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Mixed-reality environment for training teams in joint investigative interrogation-Intelligent interrogation training simulator

Periodic Reporting for period 2 - LAW-TRAIN (Mixed-reality environment for training teams in joint investigative interrogation-Intelligent interrogation training simulator)

Reporting period: 2016-05-01 to 2018-04-30

Training of law enforcement officers on how to interrogate suspects, witnesses or victims is a complex task. It requires the trainee to attune to the verbal and non-verbal messages of the suspect, to analyse qualitatively the intelligence gathered, and to lead the investigation to its goals. Interrogations of international crimes like organised crime, also require familiarity with different cultures and legal systems, effective multinational teamwork and concurrent collaborations, and more.
Such proficiency is achieved by practice, role-playing and testing different scenarios. Yet, training by role-playing simulations is highly complex and expensive, requiring experienced actors to play the suspects, witnesses or victims. Training an international team of investigators requires additional effort to overcome distance, complexity, translation impediments, legal restrictions, cultural variation and conflicting interests.
LAW-TRAIN’s aims to create a distributed mixed-reality environment for training of cross-national teams of investigators fighting organised crime. Its system includes a virtual human as the suspect, and provides tools to enhance the collaboration and training of the multinational team members without leaving their country, and features training tools that provide feedback to the trainees and trainer. Another major objective of the project is to develop and implement the methodology for joint cross-national multi-site interrogations.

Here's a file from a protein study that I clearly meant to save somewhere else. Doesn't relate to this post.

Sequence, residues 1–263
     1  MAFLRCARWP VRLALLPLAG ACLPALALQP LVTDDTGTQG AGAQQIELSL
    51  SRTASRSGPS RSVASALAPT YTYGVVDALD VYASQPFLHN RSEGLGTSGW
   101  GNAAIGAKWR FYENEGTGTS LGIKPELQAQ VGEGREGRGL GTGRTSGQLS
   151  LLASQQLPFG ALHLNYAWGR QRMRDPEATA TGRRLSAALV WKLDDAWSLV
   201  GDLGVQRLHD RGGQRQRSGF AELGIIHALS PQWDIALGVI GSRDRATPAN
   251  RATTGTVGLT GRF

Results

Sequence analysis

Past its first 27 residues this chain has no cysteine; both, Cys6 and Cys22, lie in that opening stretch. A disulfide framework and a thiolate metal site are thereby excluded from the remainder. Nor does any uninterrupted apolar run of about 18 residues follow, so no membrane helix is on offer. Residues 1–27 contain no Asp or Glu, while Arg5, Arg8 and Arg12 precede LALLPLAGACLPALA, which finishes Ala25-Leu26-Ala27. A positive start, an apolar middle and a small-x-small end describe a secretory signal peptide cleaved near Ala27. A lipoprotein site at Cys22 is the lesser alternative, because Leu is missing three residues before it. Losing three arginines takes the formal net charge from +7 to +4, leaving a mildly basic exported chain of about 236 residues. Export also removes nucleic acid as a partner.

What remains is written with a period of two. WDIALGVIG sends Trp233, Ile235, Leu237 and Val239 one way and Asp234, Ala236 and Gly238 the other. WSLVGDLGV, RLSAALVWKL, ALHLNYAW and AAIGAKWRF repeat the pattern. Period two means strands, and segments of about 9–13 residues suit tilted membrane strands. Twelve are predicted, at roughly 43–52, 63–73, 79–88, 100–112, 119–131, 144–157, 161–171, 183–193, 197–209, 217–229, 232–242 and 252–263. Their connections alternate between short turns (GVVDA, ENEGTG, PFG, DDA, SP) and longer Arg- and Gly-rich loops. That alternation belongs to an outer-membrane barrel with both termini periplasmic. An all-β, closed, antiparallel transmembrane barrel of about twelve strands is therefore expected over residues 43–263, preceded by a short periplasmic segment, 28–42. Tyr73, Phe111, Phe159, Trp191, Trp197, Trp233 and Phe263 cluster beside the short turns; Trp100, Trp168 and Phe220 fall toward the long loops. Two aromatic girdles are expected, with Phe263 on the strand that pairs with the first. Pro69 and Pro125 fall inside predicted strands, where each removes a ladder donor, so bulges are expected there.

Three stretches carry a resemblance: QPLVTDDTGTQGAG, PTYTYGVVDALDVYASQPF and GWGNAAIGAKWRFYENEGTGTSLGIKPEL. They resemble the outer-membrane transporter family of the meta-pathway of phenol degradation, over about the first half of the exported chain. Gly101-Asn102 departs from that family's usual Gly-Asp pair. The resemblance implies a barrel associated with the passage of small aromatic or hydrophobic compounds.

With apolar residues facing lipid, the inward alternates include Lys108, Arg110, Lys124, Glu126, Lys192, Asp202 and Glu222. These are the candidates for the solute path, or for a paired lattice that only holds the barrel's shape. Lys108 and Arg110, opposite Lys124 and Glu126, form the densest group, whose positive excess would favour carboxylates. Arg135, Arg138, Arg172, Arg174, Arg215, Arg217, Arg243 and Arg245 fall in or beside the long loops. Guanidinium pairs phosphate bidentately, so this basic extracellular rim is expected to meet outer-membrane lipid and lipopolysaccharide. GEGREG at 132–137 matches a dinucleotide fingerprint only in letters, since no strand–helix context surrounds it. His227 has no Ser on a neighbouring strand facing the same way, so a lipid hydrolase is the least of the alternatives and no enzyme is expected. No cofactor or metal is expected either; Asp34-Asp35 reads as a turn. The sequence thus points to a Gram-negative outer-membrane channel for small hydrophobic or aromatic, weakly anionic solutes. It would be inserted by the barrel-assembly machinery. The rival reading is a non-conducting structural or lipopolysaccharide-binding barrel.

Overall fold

Initial work of LAW-TRAIN aimed at reaching agreement on the nature and specifications of the system’s main modules, namely the
• Collaborative international Virtual Interrogation Game
• Virtual Suspect
• Training Tools.
The methodology of the interrogation process was crystallized from interviews and workshops, conducted with all end-user partners and criminologists.
At first, each trainee reviews and learns the existing material; subsequently, the members of the joint interrogation team review the evidence, share information from the different countries, discuss legal approach options, prepare content and objectives for the interrogation, and decide on the questioning strategy, including the setting of the interrogation room and its atmosphere. It has become clear that the Individual and Joint Preparation steps must be addressed in the training platform, since they are as important as the interrogation.
In the following interrogation phase, one or two interrogators are situated in the virtual interrogation room with the VS (and an optional passive lawyer). The interrogators question the VS and can see its facial expressions and body movement and hear its statements. They can influence the suspect by moving about or changing their tone of questioning. The team’s other interrogators can listen and observe the interrogation remotely. It was agreed that they should not interrupt the ongoing interrogation but can ask the trainee to step out into their shared space. This interrogation process repeats for several cycles until the team can reach conclusions. A joint debriefing phase follows